Two years ago, living in my parents house for the first time in a decade, I quickly realized that running one market is certainly not enough to sustain myself and my lifestyle in Dallas. The Brooklyn Flea guys can charge $100 a booth and hold their market every weekend, but that's New York City, and I knew that getting people to Deep Ellum would be a challenge, especially in the beginning.
That's why I set up the business to be replicable in different places. In two years of operation, we've been able to set up markets in various neighborhoods and venues, from West Dallas to Downtown to Fair Park. The next neighborhood and project on the list is the Dallas Design District and the Design District Market.
What's interesting about this project is that it's remarkably similar to starting the Deep Ellum Market two years ago. Telling people about DEOM at that time, I encountered a lot of skepticism from vendors, special event producers, and people in the neighborhood. A few months removed from our 2 Year Anniversary, I like to think we've proved our critics wrong.
Now, telling people about the Design District Market on October 4 produces the same blank stares and quizzical looks when DEOM was still very young. Vendors are skeptical that people will come to this area of Dallas. There are neighborhood factions with little history of working together. Even fellow urbanists question the viability of the Design District as a pedestrian friendly environment.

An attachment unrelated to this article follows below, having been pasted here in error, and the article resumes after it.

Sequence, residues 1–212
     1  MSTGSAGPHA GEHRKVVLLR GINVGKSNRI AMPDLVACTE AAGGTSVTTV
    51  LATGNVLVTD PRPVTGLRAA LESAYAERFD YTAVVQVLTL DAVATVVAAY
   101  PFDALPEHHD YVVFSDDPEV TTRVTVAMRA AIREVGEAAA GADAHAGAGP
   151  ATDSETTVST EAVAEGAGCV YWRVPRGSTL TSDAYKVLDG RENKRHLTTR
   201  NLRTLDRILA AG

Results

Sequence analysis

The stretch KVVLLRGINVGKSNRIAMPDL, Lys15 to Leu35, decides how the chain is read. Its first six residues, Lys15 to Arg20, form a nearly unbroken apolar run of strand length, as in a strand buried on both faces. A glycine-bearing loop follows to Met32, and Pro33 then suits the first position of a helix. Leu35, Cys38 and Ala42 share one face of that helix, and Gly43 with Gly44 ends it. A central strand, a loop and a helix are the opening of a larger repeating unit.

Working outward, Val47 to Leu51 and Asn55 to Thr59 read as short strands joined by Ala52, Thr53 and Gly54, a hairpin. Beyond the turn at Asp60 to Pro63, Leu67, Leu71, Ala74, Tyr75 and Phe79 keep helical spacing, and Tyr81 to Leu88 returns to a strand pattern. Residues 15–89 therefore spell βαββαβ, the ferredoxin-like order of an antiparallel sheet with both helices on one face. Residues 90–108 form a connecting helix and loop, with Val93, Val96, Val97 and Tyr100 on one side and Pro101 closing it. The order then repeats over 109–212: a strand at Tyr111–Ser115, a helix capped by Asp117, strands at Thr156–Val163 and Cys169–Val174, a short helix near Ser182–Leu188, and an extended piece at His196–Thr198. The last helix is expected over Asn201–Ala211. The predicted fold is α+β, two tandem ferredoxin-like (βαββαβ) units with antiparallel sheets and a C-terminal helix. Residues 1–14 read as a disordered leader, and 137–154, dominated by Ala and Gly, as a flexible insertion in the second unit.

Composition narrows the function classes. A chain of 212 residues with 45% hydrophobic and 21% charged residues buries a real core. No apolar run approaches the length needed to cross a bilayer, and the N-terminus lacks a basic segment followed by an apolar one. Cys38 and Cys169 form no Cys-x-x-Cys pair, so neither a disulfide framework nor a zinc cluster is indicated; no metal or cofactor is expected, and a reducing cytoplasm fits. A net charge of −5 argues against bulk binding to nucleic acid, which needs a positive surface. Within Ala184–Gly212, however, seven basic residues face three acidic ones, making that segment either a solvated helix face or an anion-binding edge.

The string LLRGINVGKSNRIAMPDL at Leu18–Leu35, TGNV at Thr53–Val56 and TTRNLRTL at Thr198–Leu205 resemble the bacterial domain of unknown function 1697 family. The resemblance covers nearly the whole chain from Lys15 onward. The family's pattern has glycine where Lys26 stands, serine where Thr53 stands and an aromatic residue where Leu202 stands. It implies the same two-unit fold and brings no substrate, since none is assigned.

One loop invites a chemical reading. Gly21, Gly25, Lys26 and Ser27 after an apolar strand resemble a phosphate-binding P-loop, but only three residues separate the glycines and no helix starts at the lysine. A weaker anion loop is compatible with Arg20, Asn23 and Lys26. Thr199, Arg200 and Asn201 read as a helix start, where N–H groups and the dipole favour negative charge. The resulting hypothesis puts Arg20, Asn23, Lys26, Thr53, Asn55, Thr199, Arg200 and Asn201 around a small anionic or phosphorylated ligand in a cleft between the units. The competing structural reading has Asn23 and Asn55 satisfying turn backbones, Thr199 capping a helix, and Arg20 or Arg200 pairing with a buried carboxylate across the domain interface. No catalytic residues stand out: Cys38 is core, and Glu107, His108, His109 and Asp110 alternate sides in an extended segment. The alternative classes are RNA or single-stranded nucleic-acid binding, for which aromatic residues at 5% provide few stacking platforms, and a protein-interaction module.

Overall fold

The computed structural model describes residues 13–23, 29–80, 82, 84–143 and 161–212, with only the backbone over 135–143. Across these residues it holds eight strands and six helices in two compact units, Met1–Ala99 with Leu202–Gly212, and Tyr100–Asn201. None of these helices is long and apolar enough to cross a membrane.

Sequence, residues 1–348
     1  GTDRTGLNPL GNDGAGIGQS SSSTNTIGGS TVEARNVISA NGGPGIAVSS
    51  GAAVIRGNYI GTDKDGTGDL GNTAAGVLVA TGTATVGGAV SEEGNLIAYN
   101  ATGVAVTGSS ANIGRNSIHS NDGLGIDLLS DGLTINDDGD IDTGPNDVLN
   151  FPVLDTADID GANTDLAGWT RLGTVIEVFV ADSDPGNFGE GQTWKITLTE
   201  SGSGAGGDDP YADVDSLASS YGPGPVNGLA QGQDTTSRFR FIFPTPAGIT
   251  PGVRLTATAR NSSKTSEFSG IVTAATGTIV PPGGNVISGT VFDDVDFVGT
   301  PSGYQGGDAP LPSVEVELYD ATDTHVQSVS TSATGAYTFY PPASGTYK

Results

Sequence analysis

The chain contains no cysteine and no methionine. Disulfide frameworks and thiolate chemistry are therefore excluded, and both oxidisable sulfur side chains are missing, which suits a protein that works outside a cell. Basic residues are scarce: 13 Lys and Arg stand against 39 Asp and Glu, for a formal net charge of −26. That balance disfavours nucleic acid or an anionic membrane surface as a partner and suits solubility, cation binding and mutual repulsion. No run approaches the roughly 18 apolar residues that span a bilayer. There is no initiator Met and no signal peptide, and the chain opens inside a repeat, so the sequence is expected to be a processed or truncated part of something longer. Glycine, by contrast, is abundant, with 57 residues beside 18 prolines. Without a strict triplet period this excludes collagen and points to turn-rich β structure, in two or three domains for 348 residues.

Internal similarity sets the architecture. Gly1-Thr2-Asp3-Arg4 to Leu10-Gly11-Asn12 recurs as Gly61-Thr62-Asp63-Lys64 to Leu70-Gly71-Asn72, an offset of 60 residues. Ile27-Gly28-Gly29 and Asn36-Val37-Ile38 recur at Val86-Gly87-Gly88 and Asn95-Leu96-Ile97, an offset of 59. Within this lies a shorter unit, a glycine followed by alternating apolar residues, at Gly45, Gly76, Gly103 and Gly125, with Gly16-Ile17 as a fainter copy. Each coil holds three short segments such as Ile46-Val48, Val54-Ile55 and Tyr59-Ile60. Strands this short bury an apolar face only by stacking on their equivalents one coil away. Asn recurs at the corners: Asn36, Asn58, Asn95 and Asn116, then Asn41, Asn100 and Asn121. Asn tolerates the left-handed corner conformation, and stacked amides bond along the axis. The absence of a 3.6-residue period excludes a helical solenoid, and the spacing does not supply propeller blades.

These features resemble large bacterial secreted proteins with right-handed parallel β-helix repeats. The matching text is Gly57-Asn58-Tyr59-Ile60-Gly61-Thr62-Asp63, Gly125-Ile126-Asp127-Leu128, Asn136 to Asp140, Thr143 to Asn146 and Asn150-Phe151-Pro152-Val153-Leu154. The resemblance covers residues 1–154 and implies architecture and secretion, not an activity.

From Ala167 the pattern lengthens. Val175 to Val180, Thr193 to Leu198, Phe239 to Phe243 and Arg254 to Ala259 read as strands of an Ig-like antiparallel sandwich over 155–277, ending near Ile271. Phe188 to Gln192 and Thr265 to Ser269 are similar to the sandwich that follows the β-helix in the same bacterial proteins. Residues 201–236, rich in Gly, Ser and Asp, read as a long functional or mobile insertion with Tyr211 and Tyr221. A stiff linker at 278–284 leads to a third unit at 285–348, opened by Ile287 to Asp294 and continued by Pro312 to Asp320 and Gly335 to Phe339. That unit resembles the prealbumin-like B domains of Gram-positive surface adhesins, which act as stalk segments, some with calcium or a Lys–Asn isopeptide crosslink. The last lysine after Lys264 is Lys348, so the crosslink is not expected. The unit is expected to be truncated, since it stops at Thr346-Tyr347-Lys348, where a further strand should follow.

I see the Design District as an up and coming neighborhood. According to information I've received from our partners on this project, Jim Lake Companies, the Design District now boasts almost 1,800 residents (up from 43 in the year 2000) and 1,026 businesses (80% related to decor/furniture/interior design). There are 11 restaurants, a theater, a museum, a brewery, 22 art galleries, Trammel Crow Park, and the recently approved Trinity Strand Trail.
Like Deep Ellum, the Design District's infilling of empty space has the potential to be something great in the City of Dallas. The challenge, again, is to show that there is another neighborhood in the Central Dallas area that exhibits signs of real, organic growth.